Andrew Wilson: Puncture political football of Greece

A demonstrator rises his hand reading the word ''No'' during a rally in Athens. Picture: AP
A demonstrator rises his hand reading the word ''No'' during a rally in Athens. Picture: AP
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WORKINGTON in West Cumbria enjoys “Uppies and Downies”, its very own version of mediaeval football. Around Easter the two ends of the town mass as teams and fight over the ball. Pity the ball.

Our national discourse reminds me a bit of this, with the sophisticated addition that there is no crisis, issue or moment too grave or unique to be wedged into the game as another ball to be played for.

The banking crisis? That will do, lob it in. The banks were Scottish therefore proving Scotland can’t can’t can’t.

Ireland falls? Ireland is a small independent country ergo that proves that Scotland can’t can’t can’t. ­Hurrah.

Greece is in crisis? Hang on, Greece is in a currency union and St Andrew is the patron saint. Wahey – it is yet more incontrovertible proof that Scotland can’t can’t can’t.

But it would, in truth, be hugely instructive for all policymakers and politicians in Scotland to reflect more deeply on what got Greece and Ireland into their respective pickles and what has made it so much worse for the first and better for the second.

Incidentally, the latest forecasts of the International Monetary Fund place the performance of the Irish economy in terms of wealth created per head (GDP per capita) as ranking ahead of the UK at 14th compared with 27th. Interesting.

Nothing is straightforward of course. Some would like us to think of this as a simple battle between two competing orthodoxies of (loveable) Keynesians, who prioritise growth over austerity, and (evil) Austeritites, who want cuts to be severe and immediate and care not for the lean muscle that is slashed along with the fat.

Let’s be clear, in a simplistic binary choice I side with those who prioritise growth. But seeking and achieving are quite different things.

Borrowing through a crisis can ease the stresses on the muscle of the economy and the welfare of people, but only if someone is willing to lend and there is an end in sight.

Devaluing a currency can buy time and some export growth and so close the trading deficit that needs financing and therefore help. But it is only a temporary boost to buy time. Growth is only sustainable if the country produces something of value that competes in the world and gives others something they want to buy but can’t produce as well as you.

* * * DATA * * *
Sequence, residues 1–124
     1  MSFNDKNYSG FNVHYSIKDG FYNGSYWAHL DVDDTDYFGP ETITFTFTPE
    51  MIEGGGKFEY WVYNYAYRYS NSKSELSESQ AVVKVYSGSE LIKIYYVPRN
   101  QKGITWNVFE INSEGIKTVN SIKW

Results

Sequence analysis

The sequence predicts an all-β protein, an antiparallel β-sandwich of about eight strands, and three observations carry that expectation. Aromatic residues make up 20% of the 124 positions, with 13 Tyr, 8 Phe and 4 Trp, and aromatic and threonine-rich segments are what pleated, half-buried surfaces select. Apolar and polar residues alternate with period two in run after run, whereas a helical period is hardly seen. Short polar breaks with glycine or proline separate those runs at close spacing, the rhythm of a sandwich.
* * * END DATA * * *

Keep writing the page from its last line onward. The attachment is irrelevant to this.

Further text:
Portraying this as a political struggle between the left progressives of Greece and the evil empires of the right is also simplified nonsense. Greece is in a mess of many generations’ home cooking.

It’s not the euro that has caused Greece’s deep-seated problems nor does Greece destroy the euro. Greece is the outlier. Ponder that reality.

Neither improves the other’s ­welfare just now but nor did they ­create it.

These woes would be faced irrespective of which currency Greece used. Why? It doesn’t work hard enough, pay tax squarely, doesn’t produce enough things that others want to buy and expects too much for too little. Just look at those pensions. The result? The gap between its imports and exports is so vast that it depends on borrowing which is no longer available, and certainly not at the price it once was.

Ireland’s story rhymes, but is different. With inflation running at a higher rate than interest rates it seemed illogical for everyone not to borrow, until big debts no longer made sense.

The big difference I observe between Ireland and Greece is that Ireland has fundamental assets in both its economic base and structure and its political stance that give it a far greater chance of sustaining the wealth it currently enjoys.

An open, export-focused, knowledge-led economy, it has used its manifold charms and wiles to attract exporting companies to its shores, by hook or by crook. Greece in contrast offers tourism exports and very little else.

Ireland faced into its own hurricane and endured major restructuring pain that reverberates in its politics now.

The Greek stance buys brownie points for a minute at home but we all know the politicians involved will be long gone before the full pain is felt and the long-term solution ­realised.

So what do I take from it all?

That there is no free money solution to any problem. Beggaring the next generation is the ultimate badge of shame for any current one. Debt and deficits must be fixed with purpose. We owe it to our children.

But in doing so we must have a proper eye on genuinely understanding what it takes to build the exporting muscle of our economy and the strength of the tax base.

And when it comes to the country we seek, recognise that open, trading, welcoming and engaged is exactly the pose we need.

We need a giant “welcome” sign to job creators, wealth creators, innovators, exporters, investors, employers. That’s where the muscle will come from. Give the masses a stake in the gain that comes from wealth creation rather than a jealous attack on those who already have one.

There are lessons for all of us in all of this mess, but to learn them takes a calm long term sook. Less noisy battling for the Workington ball and much more of that famous native wit we kid ourselves is our national ­inheritance. «